I don’t remember when I decided to go to college. Neither Mami nor Papi had a college education. In fact, Mami had only gone as far as the 9th grade and Papi can’t recall the last grade he completed. Still, I knew I would pack my bags, buy flip flops for use in the public showers and get a college degree. I wanted to learn. I wanted to live in a tiny dorm room. I wanted to experience what it was to become an independent woman.
My college experience was more than just learning about communication, writing and psychology (my major was in Communications and minor in Psychology). I also became aware of myself, personally and professionally. I had to be responsible. Mami wasn’t there to do my laundry or cook my rice and chuletas. I had to be proactive. No one was holding my hand when I joined Casa Dominicana, the Dominican organization on campus, or when I was sworn in as Secretary. I had to be savvy. It was the only way to figure out which professors to connect with and what advisors would allow me to fiddle with my schedule so I wouldn’t have classes on Fridays.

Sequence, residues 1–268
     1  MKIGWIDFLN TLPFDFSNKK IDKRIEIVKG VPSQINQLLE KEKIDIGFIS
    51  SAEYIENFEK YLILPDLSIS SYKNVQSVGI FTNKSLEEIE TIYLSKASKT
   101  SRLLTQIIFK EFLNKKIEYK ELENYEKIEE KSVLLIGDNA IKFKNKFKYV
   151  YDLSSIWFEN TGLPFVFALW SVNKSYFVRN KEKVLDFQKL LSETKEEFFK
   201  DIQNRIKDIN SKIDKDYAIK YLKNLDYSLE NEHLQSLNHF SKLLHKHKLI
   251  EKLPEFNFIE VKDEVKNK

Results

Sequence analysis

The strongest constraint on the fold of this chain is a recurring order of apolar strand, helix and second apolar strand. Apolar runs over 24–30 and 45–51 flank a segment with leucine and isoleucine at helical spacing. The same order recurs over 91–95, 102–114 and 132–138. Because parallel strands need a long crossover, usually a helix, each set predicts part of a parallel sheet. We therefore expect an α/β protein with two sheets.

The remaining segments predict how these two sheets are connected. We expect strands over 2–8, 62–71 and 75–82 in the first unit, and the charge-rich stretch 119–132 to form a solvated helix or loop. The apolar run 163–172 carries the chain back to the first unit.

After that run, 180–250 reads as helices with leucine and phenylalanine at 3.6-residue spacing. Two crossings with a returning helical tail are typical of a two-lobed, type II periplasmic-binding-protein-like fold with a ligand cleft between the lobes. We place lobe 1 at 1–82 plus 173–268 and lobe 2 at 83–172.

Responsible. Proactive. Savvy.
These qualities blossom when in an academic environment and onward. These qualities are essential to having an entrepreneurial spirit. Because I had to go out on my own to the University of Massachusetts at Amherst, I plow ahead despite the obstacles. At the young age of 18, I had to do for me. And I always have. Since then, I have accomplished so much. I graduated with my Master of Arts in Writing in 2006. I was a teacher. I self-published a book. I am a freelance writer. I am an entrepreneur.
I am…responsible, proactive, savvy.
So, take this time as an educated Latina to tap into your entrepreneurial spirit. What makes you plow ahead? What ideas do you have for your future and how can you bring them to life? Take a moment and ask yourself this question, which I have asked myself many times before: if I had all the resources in the world, what would I do professionally? Think big. Dream big. Write it down and give it power. No matter what your parent’s educational history, what your color or where you are from, remember to do for you.